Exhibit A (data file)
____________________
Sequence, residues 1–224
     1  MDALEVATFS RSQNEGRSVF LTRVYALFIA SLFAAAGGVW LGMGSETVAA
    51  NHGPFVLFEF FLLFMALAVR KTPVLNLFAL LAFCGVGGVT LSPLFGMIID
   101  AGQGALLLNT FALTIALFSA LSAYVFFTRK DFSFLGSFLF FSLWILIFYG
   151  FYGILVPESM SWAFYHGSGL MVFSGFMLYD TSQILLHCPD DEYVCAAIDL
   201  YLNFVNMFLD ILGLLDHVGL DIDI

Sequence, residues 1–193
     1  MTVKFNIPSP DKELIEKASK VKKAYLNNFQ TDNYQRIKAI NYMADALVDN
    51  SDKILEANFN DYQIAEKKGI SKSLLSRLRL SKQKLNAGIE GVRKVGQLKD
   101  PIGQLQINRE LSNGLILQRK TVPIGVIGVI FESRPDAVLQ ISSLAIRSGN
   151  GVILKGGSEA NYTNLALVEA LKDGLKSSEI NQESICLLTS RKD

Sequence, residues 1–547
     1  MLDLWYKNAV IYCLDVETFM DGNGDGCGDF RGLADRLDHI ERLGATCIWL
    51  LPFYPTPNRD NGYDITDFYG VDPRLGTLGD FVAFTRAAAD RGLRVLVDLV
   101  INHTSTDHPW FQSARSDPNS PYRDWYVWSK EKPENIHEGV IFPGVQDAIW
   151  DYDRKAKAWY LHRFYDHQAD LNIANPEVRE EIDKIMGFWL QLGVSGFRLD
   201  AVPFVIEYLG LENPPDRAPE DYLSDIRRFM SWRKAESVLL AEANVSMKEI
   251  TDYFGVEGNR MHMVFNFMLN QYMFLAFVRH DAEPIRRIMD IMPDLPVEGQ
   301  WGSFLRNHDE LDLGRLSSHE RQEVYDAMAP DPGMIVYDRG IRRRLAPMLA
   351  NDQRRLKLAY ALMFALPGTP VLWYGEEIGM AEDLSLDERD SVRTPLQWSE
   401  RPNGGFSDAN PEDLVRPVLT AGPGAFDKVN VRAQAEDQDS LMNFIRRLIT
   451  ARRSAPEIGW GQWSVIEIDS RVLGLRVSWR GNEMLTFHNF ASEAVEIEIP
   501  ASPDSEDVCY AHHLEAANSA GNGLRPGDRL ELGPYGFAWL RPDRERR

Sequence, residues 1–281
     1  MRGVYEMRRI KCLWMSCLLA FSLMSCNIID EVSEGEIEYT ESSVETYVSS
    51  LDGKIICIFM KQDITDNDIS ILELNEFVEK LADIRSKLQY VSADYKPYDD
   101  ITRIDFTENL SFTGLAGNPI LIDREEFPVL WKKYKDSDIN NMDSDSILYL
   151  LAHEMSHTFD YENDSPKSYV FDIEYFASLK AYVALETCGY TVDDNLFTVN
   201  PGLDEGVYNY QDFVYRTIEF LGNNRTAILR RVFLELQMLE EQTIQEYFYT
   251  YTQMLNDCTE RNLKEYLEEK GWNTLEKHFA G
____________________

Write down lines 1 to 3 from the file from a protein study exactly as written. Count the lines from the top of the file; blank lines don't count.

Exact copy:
Sequence, residues 1–224
     1  MDALEVATFS RSQNEGRSVF LTRVYALFIA SLFAAAGGVW LGMGSETVAA
    51  NHGPFVLFEF FLLFMALAVR KTPVLNLFAL LAFCGVGGVT LSPLFGMIID